5. Ha! Well done Ned! I wondered why Saturday was so problem free. I have a sad story of my own to tell you about a lawnmower. This happened 9 years ago, and this is the first time I’ve ever admitted it – so I’m rather sensitive and don’t want any raucous laughter at the end please. It is embarrassing. At the time, I was boarding in a family home (not my family) that was a back-split on a large wedge-shaped lot at the end of a dead end street with a turnaround (all this to say it was a lot of grass). I had only lived there about a month and was still finding my way around. The family was out one beautiful summer Saturday and I was sitting on the front deck having a beer (or two, or three…). I noticed that the grass desparately needed cutting and I decided I’d give them a surprise and do it for them while they were out. I looked all around the yard and spied a shed in a back “corner” – remember, the lots are wedge-shaped (this is key). The shed was unlocked and, sure enough, right there inside the door was the lawn mower, a gas can and a weed whacker- all full of gas and ready to go. Winner! Anticipating unbounded thanks upon the family’s return – I got at it. Two hours and all the gas later, I finished and returned everything to the shed. I secured yet another beer (good thing I’d stocked up – it was all worth it) and sat back down on the front porch to relax and await my accolades. Shortly thereafter, everyone returned and Jane, the matriarch, stood admiring the lawn and asked an odd question: “Who mowed the lawn?” I would have thought that self-evident but replied: “I did.” She responded: “Where did you get the lawnmower?” and before I could reply, she used a key to open the garage door and there sat a lawnmower. Somewhat taken aback, I said “I used the one in the shed.” “What shed?” I walked to the edge of the wedge shaped property and pointed down what I though was the property line to the shed. She came over and looked, then moved over 10 feet towards our house and said: “The property line is over here and that is our neighbors shed.” Long silence. She sighed and finished the conversation with; “Well, I guess I owe our neighbors a bottle of wine.”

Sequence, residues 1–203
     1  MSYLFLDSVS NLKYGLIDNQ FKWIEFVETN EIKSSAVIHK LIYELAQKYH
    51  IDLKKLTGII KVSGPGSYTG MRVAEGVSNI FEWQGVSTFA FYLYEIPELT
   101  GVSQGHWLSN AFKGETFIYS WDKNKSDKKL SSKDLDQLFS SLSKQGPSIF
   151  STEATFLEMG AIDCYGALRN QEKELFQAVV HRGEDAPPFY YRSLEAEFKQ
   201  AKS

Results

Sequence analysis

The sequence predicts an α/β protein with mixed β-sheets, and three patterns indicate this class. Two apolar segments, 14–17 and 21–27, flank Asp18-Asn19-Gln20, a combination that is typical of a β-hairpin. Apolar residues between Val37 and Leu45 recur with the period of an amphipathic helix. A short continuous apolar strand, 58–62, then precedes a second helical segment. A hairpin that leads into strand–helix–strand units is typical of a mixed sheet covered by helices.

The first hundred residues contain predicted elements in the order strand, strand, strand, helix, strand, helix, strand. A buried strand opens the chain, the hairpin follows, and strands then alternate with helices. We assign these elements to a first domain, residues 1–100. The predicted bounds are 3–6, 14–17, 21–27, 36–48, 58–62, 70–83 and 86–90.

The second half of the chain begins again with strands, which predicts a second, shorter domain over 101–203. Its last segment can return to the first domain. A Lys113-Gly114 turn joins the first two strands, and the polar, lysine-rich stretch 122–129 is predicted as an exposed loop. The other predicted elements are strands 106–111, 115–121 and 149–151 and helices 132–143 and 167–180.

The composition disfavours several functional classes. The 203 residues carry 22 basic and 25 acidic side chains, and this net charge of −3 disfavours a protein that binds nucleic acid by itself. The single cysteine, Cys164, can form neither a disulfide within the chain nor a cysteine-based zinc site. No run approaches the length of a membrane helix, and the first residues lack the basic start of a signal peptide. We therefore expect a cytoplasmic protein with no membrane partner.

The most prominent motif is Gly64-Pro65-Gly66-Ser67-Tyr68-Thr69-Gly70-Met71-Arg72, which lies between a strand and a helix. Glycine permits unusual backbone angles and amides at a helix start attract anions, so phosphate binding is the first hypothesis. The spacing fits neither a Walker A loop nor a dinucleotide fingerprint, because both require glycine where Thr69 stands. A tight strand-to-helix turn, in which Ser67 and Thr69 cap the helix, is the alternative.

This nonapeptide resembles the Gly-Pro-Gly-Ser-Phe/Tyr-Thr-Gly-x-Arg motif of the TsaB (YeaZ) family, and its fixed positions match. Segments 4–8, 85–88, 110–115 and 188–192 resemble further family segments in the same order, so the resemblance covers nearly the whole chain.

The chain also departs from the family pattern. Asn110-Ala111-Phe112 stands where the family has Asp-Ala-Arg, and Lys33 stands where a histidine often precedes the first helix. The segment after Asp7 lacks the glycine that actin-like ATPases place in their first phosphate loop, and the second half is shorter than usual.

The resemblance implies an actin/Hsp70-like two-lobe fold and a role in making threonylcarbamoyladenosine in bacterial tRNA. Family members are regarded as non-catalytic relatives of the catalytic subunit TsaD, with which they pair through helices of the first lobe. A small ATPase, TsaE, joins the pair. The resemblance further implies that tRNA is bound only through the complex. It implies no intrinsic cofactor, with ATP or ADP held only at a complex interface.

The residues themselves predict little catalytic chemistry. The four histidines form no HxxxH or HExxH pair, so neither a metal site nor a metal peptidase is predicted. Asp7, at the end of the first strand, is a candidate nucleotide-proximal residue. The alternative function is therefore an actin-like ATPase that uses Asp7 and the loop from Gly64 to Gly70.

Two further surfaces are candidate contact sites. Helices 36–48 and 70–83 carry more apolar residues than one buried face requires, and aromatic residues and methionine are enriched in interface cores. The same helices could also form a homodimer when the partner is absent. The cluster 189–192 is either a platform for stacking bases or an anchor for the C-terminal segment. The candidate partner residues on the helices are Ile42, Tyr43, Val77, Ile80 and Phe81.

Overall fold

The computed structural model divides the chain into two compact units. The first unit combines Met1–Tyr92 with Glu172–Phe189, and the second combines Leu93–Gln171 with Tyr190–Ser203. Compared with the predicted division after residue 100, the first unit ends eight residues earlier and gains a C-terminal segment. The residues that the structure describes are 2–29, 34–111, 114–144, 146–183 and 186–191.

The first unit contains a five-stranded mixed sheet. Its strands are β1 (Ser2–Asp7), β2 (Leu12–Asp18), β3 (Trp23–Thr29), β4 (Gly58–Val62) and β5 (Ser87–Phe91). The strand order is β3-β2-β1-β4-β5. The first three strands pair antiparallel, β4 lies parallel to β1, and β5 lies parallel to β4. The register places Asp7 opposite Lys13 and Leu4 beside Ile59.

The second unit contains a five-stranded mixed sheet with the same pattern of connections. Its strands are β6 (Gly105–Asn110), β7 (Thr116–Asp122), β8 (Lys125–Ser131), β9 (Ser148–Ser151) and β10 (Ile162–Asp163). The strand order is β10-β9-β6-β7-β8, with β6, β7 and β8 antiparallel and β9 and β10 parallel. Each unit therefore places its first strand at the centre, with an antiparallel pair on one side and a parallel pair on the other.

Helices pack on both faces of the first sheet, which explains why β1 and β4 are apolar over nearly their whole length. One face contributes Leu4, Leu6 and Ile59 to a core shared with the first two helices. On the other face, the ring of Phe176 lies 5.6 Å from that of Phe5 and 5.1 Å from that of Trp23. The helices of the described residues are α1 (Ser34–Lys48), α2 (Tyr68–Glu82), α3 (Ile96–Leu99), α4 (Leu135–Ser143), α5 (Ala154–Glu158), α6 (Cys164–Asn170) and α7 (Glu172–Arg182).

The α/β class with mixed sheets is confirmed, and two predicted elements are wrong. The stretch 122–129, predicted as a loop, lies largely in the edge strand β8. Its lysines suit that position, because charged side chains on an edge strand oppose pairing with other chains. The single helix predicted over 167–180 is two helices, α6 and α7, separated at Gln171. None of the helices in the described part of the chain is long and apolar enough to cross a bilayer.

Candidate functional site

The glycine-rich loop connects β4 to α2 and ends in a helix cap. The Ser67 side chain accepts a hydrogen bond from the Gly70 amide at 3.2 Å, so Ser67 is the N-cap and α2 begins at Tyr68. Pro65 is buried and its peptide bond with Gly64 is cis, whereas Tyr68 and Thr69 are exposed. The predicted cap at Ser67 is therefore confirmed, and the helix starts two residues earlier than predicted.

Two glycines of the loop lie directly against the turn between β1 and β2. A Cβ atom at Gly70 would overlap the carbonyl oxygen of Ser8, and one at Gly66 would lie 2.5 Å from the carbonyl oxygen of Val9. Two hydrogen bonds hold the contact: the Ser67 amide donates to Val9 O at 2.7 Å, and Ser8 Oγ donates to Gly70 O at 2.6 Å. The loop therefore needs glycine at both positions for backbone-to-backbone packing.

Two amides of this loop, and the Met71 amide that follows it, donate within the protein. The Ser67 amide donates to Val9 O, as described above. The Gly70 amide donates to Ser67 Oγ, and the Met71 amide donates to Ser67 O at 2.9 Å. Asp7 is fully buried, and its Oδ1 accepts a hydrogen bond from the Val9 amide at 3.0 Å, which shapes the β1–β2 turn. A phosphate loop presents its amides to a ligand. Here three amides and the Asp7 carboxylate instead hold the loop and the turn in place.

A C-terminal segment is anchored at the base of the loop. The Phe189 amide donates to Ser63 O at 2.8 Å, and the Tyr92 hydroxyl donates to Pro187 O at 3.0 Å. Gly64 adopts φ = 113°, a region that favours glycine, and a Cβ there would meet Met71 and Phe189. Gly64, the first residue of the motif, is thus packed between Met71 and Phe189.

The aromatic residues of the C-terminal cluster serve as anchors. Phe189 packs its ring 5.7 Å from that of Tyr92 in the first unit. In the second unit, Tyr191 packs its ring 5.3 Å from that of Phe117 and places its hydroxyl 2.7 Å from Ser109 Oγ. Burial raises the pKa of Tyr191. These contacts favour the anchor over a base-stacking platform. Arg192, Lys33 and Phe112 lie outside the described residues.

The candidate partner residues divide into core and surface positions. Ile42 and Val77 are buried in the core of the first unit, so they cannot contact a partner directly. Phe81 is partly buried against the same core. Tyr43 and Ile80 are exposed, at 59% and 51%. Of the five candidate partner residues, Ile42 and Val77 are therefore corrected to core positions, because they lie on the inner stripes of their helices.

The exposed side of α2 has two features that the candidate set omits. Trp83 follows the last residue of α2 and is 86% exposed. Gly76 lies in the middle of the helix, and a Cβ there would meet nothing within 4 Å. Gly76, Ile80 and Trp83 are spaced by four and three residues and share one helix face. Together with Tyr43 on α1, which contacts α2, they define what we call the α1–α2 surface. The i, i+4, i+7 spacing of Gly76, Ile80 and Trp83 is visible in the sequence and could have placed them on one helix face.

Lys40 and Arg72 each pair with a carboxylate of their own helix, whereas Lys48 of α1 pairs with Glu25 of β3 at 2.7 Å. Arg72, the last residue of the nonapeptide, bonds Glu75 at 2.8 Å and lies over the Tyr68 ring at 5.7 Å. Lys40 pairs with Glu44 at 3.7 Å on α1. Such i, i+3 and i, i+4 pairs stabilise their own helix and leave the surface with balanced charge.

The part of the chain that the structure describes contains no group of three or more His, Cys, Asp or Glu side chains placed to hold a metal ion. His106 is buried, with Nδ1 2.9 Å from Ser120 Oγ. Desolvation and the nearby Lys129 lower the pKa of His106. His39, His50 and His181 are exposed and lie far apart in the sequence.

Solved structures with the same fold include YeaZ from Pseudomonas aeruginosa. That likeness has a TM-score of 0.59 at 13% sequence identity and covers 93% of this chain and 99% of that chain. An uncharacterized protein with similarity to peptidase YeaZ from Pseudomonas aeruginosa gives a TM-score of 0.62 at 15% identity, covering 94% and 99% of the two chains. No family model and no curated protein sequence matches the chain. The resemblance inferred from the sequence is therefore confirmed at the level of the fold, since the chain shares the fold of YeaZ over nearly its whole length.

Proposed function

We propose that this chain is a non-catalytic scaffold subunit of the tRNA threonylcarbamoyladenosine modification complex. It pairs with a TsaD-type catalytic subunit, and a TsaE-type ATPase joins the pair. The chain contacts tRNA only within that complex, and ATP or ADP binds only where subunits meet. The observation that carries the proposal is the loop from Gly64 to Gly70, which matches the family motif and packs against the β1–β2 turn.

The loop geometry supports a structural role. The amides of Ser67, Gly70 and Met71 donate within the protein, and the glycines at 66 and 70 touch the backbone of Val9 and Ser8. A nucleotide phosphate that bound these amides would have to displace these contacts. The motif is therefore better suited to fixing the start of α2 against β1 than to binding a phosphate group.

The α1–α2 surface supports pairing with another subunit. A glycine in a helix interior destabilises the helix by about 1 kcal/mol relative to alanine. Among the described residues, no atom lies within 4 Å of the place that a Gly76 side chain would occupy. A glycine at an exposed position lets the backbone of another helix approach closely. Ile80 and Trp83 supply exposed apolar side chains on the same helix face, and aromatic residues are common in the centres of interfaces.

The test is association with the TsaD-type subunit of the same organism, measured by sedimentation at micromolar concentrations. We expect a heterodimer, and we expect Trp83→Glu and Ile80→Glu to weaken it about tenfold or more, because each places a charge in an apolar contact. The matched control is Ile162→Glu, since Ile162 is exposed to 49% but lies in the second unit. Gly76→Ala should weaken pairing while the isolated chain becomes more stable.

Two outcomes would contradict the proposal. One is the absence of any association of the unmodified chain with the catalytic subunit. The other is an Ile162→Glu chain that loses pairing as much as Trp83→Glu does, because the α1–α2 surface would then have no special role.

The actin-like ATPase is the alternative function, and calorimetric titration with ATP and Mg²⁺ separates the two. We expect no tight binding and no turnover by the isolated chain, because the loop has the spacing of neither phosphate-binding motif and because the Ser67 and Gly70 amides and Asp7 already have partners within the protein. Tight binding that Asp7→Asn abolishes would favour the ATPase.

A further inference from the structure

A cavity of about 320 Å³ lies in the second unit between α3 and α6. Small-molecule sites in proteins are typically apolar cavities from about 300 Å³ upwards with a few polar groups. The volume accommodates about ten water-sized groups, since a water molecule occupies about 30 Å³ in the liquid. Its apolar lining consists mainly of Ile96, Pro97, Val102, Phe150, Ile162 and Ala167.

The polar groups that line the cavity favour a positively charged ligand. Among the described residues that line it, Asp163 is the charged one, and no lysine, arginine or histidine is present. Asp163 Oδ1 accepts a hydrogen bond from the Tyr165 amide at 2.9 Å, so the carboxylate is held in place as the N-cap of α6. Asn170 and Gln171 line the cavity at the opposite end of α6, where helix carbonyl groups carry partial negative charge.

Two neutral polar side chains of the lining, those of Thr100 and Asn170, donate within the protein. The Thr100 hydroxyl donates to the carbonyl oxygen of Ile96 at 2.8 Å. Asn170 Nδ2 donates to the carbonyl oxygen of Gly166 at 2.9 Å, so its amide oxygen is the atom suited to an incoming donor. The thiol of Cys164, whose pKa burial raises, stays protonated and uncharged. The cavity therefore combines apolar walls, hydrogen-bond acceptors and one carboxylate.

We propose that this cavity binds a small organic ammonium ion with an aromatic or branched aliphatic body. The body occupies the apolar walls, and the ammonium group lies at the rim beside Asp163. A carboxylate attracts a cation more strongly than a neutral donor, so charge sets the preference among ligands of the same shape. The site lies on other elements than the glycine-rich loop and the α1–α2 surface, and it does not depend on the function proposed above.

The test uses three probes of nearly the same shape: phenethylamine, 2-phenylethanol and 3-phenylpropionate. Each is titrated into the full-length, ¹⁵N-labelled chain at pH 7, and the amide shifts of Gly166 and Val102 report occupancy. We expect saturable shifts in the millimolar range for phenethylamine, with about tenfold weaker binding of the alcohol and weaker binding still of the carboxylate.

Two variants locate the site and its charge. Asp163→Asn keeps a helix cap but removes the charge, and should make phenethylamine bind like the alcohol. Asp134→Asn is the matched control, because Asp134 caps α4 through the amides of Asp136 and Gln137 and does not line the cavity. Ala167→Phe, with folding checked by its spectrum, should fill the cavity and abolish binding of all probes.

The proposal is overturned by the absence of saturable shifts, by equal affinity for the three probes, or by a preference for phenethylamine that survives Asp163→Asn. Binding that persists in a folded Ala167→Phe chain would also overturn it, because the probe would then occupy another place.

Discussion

6. Ha ha ha… thank you so much for the laughs I can only empathise with your situation. It happens to us all and Saturday sounds like it would have been much better spent under a duvet. Hope the walnut tree survived! 😀